6. Have you used a third-party email address or domain name without their permission?
  7. Does your email's subject line contain false or misleading information?
  8. Does your email fail to provide a working link to unsubscribe?"
  9. Are you failing to process any unsubscribe requests that come to you via a reply to your email within 10 days of the request?

If you have answered yes to any of the above questions, you may be labeled as a spammer.

Tips to keep spam complaints to a minimum

  • Get recipient permission 

Make sure your sign-up form comes with an explicit permission statement. This statement should indicate the type of content in your emails as well as your sending frequency (for example, weekly, bi-weekly, monthly). Limit sending marketing campaigns to those who have opted in.

  • Use double opt-in

The confirmation process means that anyone who signs up using your sign-up form will be sent a confirmation request email. They must click a link in that confirmation message to be officially added. This not only reminds your users that they signed up for your newsletter but also provides evidence that your list is entirely permission-based in the event you receive complaints. Furthermore, the double opt-in process helps maintain the quality of your list by preventing the accumulation of invalid or mistyped emails.

  • Add an unsubscribe link in a prominent place

Give the ability to your contacts to unsubscribe from your list if they wish. Opting for an unsubscribe button has no crucial effects on your deliverability, unlike a spam complaint. It is preferable to have recipients unsubscribe rather than marking your content as spam.

  • Send personalized emails, avoiding blasts and bulk campaigns 

Deploy automated messages that are personalized and tailored to the preferences of your customers. See if you can avoid mass campaigns to extensive lists.

  • Give subscribers the option to choose email frequency

Add a frequency preference setting to your subscription form so that subscribers can choose how often they would like to hear from you. Oftentimes, sending too much communication can burn out a subscriber and easily be reported as spam.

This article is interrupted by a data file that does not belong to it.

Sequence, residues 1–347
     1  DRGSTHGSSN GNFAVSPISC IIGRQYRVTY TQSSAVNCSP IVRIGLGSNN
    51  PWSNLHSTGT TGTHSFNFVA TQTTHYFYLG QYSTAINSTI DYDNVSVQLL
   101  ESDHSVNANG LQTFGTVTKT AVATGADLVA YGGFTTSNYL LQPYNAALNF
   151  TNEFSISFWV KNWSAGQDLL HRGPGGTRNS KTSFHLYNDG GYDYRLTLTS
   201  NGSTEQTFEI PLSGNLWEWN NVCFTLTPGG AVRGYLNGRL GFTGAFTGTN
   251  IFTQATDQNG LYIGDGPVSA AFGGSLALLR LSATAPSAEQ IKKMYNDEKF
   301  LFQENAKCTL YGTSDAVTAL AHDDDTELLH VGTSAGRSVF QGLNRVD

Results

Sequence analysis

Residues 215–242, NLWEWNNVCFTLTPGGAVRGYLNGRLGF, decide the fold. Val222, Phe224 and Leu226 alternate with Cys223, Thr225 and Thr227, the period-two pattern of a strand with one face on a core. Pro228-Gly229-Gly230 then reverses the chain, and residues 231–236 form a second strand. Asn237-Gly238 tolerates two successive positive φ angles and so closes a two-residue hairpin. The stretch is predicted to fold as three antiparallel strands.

• Identify the sender organization

Ensure that the From Address and all subject lines identify you and your organization. Many contacts will report an email as spam before opening it if they do not recognize the sender. If you have not emailed your customers within 6 months, we recommend using the confirmation process to invite them back to your list

  • Send emails with the same business domain

Mass email that comes from what resembles personal email addresses (those ending with gmail.com or yahoo.com) are often suspects of spam. We suggest you invest to register for a business domain to come across as a more professional organization.

  • Clean your subscriber list

By removing emails that lower your open rates and increase bounces, you can improve your overall email deliverability. Certain email services (e.g., Gmail) track the open rates of emails from your domain. Low open rates will likely be penalized by deliverability.

  • Avoid words that may trigger a spam alert

Using a lot of symbols or using all CAPS may trigger red flags for spam. Other examples include sales phrases such as "ACT NOW!", "100% FREE", "LIMITED TIME ONLY" which can also be suspected of spam. Try avoiding these trigger words in your subject line and messages as much as possible.

We monitor spam complaints across the platform

ContactPigeon constantly monitors the overall email deliverability across our platform. We enforce high standards across our customers, ensuring customers do not exhibit spamming practices and abide by our Terms of Use. This ensures all our customers best-in-class delivery rates.